Ticketmaster Summer in Stages

Bodies

James Saunders
Two's Company and Karl Sydow in association with Tilly Films
Southwark Playhouse (The Little)

Peter Prentice as David, Tim Welton as Mervyn, Annabel Mullion as Anne and Alix Dunmore as Helen Credit: Phil Gammon
Peter Prentice as David and Annabel Mullion as Anne Credit: Phil Gammon
Tim Welton as Mervyn and Alix Dunmore as Helen Credit: Phil Gammon
Peter Prentice as David, Tim Welton as Mervyn, Annabel Mullion as Anne and Alix Dunmore as Helen Credit: Phil Gammon

Bodies starts off as a series of monologues delivered on a set split down the middle by a lightning-like zigzag that marks two separate households. First there is Ann (Annabel Mullion), living with her schoolteacher husband Mervyn (Tim Welton) in Ealing, next is businessman David (Peter Prentice), married to Helen (Alix Dunmore) and living in Esher, a couple recently returned after spending the last nine years in the US. Then we hear from their partners, each giving their version of their infidelity, having affairs with their friend’s wife or husband.

The monologues sometimes lead into dialogues as lover or spouse joins them. Over the hour that the first act plays, we learn quite a lot about them. How for Anne that first infidelity at 40 seemed to give her life meaning, though it began as a kind of revenge. How David was a reasonably talented Sunday painter, though he has given up now. That Mervyn, now a headmaster, has been reading a book on the psychology of EST (a method of freeing oneself from the past developed by American Werner Erhard, which became something of a cult in the 1970s). It was lent to him by his most talented pupil, a boy who asked him such searching questions as, “which has the most value, art or life?”, a boy who has now crashed his motorbike into a brick wall and lies in a coma.

It turns out that the affairs disrupted their marriages but the partners got back together, though the friends largely lost touch apart from a conventional exchange of cards at Christmas. In the States, David and Helen have been through Erhard’s personal development training course. David professes to no longer believe in such things as love, trust, fidelity, truth or value: to see everything just as it is, to live in the present.

Now hearing that David and Helen are back in the UK, Mervyn has looked up their number and, to Anne’s consternation, invited them over for dinner. Anne is terrified at the idea but Mervyn won’t find an excuse to call it off.

A contemporary dramatist might leave it at that: an hour-long play intriguingly exploring personalities and telling back-story and raising interesting issues that leaves the audience to imagine what happens at their reunion and a play that also provides opportunities for excellent acting (which it gets from all of the players). But when this was first staged at the Orange Tree back in 1977, audiences expected more than that: they wanted an evening of theatre, not something just the length of a television programme.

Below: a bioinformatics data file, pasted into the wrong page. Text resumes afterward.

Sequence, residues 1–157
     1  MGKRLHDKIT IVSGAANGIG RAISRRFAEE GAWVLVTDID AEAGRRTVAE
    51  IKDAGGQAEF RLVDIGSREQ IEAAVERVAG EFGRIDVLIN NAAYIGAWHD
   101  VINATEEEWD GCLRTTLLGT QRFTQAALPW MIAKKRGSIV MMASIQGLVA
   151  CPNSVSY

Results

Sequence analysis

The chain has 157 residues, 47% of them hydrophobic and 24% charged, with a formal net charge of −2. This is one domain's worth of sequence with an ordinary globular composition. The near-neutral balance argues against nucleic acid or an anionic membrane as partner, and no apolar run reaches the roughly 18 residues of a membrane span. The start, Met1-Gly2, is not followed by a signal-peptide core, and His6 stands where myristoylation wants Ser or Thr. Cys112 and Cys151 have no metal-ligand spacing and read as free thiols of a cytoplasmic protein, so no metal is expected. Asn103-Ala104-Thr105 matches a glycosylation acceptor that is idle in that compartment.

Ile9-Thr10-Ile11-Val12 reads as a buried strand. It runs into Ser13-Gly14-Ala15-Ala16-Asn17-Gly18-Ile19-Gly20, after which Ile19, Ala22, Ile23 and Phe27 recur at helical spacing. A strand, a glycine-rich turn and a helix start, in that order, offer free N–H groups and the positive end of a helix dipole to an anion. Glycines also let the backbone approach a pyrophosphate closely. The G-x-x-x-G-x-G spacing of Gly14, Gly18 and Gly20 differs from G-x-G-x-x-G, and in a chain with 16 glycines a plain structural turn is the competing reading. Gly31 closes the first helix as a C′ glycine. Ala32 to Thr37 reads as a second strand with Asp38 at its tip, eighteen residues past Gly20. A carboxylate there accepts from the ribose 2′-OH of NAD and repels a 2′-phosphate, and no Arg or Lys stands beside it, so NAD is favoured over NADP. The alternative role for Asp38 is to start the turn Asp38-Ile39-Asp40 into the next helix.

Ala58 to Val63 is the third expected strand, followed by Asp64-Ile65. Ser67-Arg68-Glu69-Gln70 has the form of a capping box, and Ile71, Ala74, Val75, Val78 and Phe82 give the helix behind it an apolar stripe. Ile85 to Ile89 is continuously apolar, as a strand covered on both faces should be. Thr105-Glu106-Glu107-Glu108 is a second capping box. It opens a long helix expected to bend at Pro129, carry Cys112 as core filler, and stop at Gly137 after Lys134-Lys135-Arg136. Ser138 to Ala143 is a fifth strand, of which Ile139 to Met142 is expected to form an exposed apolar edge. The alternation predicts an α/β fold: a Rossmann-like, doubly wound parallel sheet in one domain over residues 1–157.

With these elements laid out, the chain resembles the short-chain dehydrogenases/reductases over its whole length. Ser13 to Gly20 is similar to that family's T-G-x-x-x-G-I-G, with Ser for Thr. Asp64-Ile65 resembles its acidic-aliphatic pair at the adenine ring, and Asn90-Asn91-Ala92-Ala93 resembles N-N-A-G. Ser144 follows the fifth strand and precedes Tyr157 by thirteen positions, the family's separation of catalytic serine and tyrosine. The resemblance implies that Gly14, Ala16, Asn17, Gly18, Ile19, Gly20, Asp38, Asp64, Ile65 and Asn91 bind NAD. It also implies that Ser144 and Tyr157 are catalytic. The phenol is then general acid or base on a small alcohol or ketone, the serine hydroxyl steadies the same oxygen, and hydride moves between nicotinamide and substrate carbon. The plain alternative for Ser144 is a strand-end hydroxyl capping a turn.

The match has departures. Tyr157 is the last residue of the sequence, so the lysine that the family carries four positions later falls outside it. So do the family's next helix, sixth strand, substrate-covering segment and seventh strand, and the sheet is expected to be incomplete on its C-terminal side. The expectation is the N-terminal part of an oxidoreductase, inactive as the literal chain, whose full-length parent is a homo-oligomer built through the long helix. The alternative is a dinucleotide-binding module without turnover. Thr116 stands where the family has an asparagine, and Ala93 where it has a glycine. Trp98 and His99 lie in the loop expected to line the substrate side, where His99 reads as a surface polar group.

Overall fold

There is a second act: we see that reunion.

The set is no longer divided. We are in Anne and Mervyn’s house, their William Morris wallpaper right across the wall and it is after the dinner, coffee already served to Helen and David in delicate cups that match the delicate situation. Bodies now offers a mixture of intense debate and virtuoso performance.

Mervyn has read the book young Simpson lent him and, while he waits for a telephone call concerning the young man, he interrogates David. He’s found the book convincing, he can’t find the flaw in its arguments that we should conserve our own energies and leave the world’s resources to take care of themselves, stop looking for that childhood love that you can’t have when childhood is over, treat everything, including ourselves, as a functioning machine, not look for meaning, the mind is a mechanism for living, there is no separation between living and doing.

While David is relaxed as he goes on about the Therapy, which presents happiness as unreal as unhappiness, Mervyn, working his way through a bottle of whisky, his face changing as he gets increasingly more drunk, finds himself unable to refute an argument that negates the things most dear to him. This cure for the neuroses of society seems to ignore any responsibility towards the environment and to have no room for art, for poetry, the intangible, the things behind music and words that fill you with wonder.

Director Tricia Thorns draws excellent performances from all her cast but the way Tim Welton presents Mervyn's alcohol-fuelled desperation is acting to especially cherish. As well as a reality of increased inebriation, he gives us clear argument and consistent characterisation.

James Saunders writes beautifully, exploring matrimony, friendship and infidelity pursuing a debate that is still relevant and this cast deliver his text with impeccable clarity. Bodies is understanding about relationships and intellectually engaging but it is not heavy going for it is also often very funny.

Reviewer: Howard Loxton